Monday, September 24The Voice of London

What To Expect From At The National Theatre

150 years ago, Lewis Carroll brought us the crazy world of Alice in Wonderland. Still a hugely popular story, the National Theatre is adapting the much-loved classic in a 21st century digital theatre adaptation.

Words: Keziah Leary, Subeditor: Julia Tsilman

Alice in Wonderland is widely considered to be a key part of British heritage. In the 150 years since it was published, it’s been reproduced many times on paper, screen, and stage. The National Theatre is bringing a new twist to the tale with its new show, We caught up with the production’s stage manager, Shane Thom, to find out what we can expect from this exciting new musical.

Aly (Louis Chimimba) uses her online avatar Alice (Carly Bawden) to escape the real world and meet other characters. Source: Brinkhoff Mögenburg .

When we met up with Shane a couple of weeks ago, the first thing that struck us was how calm he was. In the final week of rehearsals you would have thought he’d be completely stressed or at least looking a little bit anxious. But he wasn’t. Which tells us two things: firstly, that he must do a damn good job of being stage manager. Calm and collected at all times is an absolute necessity for his job title. And secondly, the rehearsals must have been going brilliantly – although he may just have been very good at acting!

Stepping into the rehearsal room we got our first look at what to expect from the show, and boy, did it make us feel excited! Even with the temporary scenery and props, the whole room had a very magical feel to it – from the large city-like grey structures to the giant colourful pair of trousers. Shane assured us that there was plenty more to look forward to: “We watch it everyday at the moment because we’re in rehearsals. As the stage management team we observe everything that goes on and you see the whole show growing and developing. And it absolutely grabs you and takes you with it into the journey.”

The show uses a mix of Aly’s real world grey scenery and buildings with’s colourful characters, costumes and animations. Source: Brinkhoff Mögenburg is set in the 21st century with a girl called Aly and her adventure to escape reality through the use of the online world. The modern adaptation uses digital technology, music written by a rock legend, and eccentric costumes. A little different to the original storyline, we got Shane to explain to us exactly what the show is about.


So if that hasn’t already whet your appetite, here’s an insight from Shane of the most exciting parts to look out for:

1. Classic Characters… But Not Quite As You Know Them

“There’s characters who you would recognise through Alice in Wonderland. There’s the White Rabbit who she has to follow through the game to be on her quest. There’s characters and references to Alice in Wonderland as we go, and the whole game starts by the White Rabbit jumping through the rabbit hole, and the avatar, Alice, has to follow her. And Alice is the blue dress, blonde hair, big bubbly character. There’s a school teacher, Ms. Manxome, who kind of develops into the Red Queen character.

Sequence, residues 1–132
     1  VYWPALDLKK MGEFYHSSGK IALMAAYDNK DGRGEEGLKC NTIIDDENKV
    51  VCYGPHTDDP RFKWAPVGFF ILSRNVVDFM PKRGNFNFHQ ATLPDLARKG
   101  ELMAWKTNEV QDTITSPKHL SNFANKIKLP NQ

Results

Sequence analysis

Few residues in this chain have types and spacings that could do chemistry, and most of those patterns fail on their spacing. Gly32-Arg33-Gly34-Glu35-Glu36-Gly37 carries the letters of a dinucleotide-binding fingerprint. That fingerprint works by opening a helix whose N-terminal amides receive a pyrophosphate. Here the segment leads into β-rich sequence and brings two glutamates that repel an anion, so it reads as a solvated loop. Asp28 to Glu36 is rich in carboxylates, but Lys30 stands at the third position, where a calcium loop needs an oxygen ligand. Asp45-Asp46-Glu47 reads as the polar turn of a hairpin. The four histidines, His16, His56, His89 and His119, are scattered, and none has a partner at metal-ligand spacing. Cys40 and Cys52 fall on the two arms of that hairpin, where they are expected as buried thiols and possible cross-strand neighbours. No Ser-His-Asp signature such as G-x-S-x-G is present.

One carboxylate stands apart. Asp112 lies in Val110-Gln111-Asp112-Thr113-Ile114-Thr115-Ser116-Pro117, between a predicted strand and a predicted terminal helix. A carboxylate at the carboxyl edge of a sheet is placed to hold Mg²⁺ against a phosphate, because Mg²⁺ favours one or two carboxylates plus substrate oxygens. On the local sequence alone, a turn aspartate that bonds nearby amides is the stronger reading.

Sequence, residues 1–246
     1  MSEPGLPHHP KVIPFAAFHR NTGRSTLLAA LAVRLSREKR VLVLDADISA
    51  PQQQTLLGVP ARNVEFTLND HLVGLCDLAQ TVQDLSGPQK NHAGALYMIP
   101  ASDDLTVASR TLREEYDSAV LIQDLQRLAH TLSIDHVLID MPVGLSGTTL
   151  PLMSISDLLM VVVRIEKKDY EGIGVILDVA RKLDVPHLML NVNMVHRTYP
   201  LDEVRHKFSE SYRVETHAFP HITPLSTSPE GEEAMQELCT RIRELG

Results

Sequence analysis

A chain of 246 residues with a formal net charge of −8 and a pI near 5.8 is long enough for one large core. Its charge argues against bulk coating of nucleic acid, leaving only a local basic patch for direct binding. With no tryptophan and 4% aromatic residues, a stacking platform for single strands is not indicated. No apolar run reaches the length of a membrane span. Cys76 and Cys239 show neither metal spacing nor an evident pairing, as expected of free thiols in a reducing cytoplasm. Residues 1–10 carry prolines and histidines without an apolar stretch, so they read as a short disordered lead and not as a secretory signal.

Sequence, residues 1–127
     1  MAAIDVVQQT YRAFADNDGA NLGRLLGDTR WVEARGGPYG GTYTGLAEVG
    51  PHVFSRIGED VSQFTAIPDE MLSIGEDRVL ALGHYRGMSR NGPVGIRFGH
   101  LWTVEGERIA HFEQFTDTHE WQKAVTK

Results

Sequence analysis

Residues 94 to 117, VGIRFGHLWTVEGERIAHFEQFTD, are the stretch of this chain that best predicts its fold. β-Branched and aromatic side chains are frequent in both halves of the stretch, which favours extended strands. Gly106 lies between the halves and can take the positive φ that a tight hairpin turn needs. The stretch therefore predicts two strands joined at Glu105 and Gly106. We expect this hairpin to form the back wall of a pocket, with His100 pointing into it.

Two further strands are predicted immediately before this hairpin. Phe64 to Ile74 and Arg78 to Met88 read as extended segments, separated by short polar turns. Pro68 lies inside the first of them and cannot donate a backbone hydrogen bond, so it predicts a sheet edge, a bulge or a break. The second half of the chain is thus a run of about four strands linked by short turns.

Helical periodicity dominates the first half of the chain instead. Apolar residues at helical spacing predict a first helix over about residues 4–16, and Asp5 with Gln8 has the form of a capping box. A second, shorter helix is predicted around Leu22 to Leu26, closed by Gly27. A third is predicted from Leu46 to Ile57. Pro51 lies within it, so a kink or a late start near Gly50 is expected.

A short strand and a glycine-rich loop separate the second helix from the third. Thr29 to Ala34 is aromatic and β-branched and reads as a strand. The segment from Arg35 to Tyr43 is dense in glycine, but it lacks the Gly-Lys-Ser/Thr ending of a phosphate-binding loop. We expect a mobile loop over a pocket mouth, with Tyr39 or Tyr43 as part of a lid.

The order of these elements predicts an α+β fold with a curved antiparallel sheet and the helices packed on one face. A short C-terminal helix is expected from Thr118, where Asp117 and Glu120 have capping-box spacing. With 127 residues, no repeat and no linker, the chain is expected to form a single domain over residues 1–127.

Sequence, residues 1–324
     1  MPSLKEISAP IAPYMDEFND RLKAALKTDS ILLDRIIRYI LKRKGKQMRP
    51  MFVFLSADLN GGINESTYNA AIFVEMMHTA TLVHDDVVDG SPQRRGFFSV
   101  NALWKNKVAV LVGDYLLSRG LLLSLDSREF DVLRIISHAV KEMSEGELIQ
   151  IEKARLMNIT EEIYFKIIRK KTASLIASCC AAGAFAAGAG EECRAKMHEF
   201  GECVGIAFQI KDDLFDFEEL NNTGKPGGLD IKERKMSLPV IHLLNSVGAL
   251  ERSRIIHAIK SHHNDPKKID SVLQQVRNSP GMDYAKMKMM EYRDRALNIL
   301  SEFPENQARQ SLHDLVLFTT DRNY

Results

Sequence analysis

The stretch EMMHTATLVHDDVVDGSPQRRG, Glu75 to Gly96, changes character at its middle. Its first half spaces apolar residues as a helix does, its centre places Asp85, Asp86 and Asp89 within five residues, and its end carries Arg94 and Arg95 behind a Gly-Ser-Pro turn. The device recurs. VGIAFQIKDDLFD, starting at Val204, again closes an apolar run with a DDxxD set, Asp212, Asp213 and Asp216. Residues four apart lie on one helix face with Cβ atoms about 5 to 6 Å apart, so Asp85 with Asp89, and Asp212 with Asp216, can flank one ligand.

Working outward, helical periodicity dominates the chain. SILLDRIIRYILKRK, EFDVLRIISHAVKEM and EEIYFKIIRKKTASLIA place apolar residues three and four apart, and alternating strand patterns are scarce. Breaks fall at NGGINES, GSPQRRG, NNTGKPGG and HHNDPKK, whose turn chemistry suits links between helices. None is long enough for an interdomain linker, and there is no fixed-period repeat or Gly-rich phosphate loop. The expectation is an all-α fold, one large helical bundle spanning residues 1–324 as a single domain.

Despite the modern costume update by Katrina Lindsay, key features still distinguish the classic characters. Source: Brinkhoff Mögenburg

2. The Alternative Music Score

“It’s got such a great creative team as part of it and the music is by Damon Albarn of Blur as well, so there’s that influence and recognition of family audiences.”

3. The Digital Technology

“We use digital animators. There’s a company called 59 Productions who create all backgrounds of all the worlds. Because we’ve got the garden, of course, of Alice in Wonderland so there’s a big magical garden they [the characters] go to. But they create the grey world landscapes on projection as well. We also have motion capture as well, where Alice and the White Rabbit, we see their figures run around the screen and that was all done on motion capture so we hooked them up on the green screens with the suits and did all their movements so that’s being put into it as well.”

The giant screen acts as a digital backdrop for the show, constantly changing with each scene. Source: Brinkhoff Mögenburg

4. The Use Of The Olivier Stage

“Lots of big scenic elements that really use the Olivier to its full advantage… The [digital projection] screen is the height and the width of the Olivier stage so it’s going to be massive in such visual marvellousness.”

5. The Climactic Ending

“There’s a great section which we rehearsed today which is towards the end of the show and it really just sucks you in. There’s so much stuff going on on stage, it’s a huge real visual feast and it builds up to the end of the show which is just going to be brilliant I think. And it really will get the audience enthused and send them out on a high.”

And on a final word from Shane, he explains why you should go and watch the show:


With so much to see in this new production, we absolutely cannot wait to watch it. is about to begin its second week of previews with Press Night on the 10th of December. To get your hands on some tickets, visit the National Theatre website.

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